Laser therapy can remove unwanted hair for some women. The laser destroys hair follicles and stop hair from growing. You'll need several sessions to reduce hair growth in specific areas, and you may need touch-ups afterward. Laser therapy works best on women with dark hair and light skin.

Nutrition and Dietary Supplements

Ask your health care provider how you can use complementary and alternative therapies in your overall treatment plan. Always tell your health care provider about the herbs and supplements you are using or considering using.

These nutritional tips may help women stay at a good weight, which may help lower androgens in the body:

  • Eat antioxidant foods, including fruits (such as blueberries, cherries, and tomatoes) and vegetables (such as squash and bell peppers).
  • Avoid refined foods, such as white breads, pastas, and especially sugar.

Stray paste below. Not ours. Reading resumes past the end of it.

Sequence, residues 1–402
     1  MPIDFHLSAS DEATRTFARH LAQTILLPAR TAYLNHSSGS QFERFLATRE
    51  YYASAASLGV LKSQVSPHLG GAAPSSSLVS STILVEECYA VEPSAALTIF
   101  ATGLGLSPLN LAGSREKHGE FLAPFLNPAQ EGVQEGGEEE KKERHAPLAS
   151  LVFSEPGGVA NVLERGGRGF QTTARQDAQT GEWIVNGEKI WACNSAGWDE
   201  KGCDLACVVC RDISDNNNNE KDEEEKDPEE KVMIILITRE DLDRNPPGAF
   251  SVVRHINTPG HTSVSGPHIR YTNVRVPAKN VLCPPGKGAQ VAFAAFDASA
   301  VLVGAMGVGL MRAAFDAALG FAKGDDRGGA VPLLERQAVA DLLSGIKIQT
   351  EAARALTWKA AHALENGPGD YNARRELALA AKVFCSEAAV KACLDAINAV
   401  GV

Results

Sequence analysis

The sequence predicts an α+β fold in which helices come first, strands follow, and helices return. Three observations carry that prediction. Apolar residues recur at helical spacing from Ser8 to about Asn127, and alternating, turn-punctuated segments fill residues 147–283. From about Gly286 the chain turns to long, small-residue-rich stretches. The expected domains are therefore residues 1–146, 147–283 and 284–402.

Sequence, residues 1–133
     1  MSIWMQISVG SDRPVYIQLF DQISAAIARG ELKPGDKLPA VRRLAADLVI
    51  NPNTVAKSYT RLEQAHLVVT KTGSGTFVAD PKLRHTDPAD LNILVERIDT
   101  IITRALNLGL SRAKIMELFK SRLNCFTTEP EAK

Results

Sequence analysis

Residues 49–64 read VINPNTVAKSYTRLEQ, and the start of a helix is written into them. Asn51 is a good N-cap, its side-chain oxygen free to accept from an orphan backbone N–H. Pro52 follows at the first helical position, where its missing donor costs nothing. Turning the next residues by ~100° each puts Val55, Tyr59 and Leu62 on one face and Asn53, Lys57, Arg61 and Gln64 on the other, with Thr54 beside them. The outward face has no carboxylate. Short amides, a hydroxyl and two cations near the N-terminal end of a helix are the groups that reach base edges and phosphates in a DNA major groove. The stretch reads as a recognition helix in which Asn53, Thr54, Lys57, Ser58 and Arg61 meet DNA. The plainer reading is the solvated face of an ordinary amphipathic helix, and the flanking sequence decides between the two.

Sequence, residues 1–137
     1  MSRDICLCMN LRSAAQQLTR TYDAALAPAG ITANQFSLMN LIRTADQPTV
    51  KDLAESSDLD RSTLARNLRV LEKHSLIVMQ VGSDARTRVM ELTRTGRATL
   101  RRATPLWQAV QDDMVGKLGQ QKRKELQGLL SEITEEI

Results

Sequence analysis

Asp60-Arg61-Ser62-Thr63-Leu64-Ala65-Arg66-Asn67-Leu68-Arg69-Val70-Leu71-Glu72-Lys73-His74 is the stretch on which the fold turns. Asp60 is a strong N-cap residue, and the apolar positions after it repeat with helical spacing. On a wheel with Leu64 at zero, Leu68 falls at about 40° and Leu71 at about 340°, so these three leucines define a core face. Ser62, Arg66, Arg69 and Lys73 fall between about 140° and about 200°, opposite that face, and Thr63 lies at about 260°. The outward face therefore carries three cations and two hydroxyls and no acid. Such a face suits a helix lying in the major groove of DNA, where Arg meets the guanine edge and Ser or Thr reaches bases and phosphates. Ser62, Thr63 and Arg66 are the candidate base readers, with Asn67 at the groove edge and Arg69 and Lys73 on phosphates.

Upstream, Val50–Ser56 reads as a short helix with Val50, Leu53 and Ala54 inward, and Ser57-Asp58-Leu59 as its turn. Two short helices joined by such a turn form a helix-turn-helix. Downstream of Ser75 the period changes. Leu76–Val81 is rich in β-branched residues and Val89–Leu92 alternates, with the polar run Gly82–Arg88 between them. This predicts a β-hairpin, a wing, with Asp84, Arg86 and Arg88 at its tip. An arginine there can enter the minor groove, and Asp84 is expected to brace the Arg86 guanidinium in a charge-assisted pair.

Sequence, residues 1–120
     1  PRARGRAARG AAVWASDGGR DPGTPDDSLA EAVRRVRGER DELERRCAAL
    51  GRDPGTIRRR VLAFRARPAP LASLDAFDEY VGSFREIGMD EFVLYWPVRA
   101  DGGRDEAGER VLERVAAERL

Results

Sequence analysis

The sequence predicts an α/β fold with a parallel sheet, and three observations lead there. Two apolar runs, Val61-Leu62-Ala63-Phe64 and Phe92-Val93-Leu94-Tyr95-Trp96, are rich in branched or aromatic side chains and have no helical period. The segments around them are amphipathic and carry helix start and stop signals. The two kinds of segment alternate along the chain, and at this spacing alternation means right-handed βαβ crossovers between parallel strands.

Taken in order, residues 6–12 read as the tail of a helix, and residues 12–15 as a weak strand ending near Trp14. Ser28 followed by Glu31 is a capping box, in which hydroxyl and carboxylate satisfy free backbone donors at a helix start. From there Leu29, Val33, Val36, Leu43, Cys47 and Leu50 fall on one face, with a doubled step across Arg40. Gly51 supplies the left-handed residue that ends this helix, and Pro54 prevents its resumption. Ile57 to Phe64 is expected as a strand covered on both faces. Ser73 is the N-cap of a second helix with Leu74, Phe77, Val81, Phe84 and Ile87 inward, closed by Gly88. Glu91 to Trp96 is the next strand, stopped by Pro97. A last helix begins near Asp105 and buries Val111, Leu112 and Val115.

• Eat fewer red meats and more lean meats, cold-water fish, tofu (soy, if no allergy), or beans for protein.
  • Use healthy oils in foods, such as olive oil or vegetable oil.
  • Reduce or eliminate trans fat, found in commercially baked goods such as cookies, crackers, cakes, French fries, onion rings, donuts, processed foods, and some margarines.
  • Avoid alcohol and tobacco.
  • Drink 6 - 8 glasses of filtered water daily.
  • Exercise at least 30 minutes daily, five days a week.

Herbs

Herbs may strengthen and tone the body's systems. As with any therapy, you should work with your health care provider before starting any treatment. You may use herbs as dried extracts (capsules, powders, and teas), glycerites (glycerine extracts), or tinctures (alcohol extracts). Unless otherwise indicated, you should make teas with 1 tsp. herb per cup of hot water. Steep covered 5 - 10 minutes for leaf or flowers, and 10 - 20 minutes for roots.

These herbs are sometimes suggested to treat hirsutism, but most haven't been studied by scientists. Always talk to your doctor before taking any herb that can affect hormones. Do not take these supplements if you are pregnant or breast-feeding, or planning to become pregnant. Women who have a history of breast, uterine, or ovarian cancer, or other hormone-related conditions, should not take these supplements except under their doctor's supervision.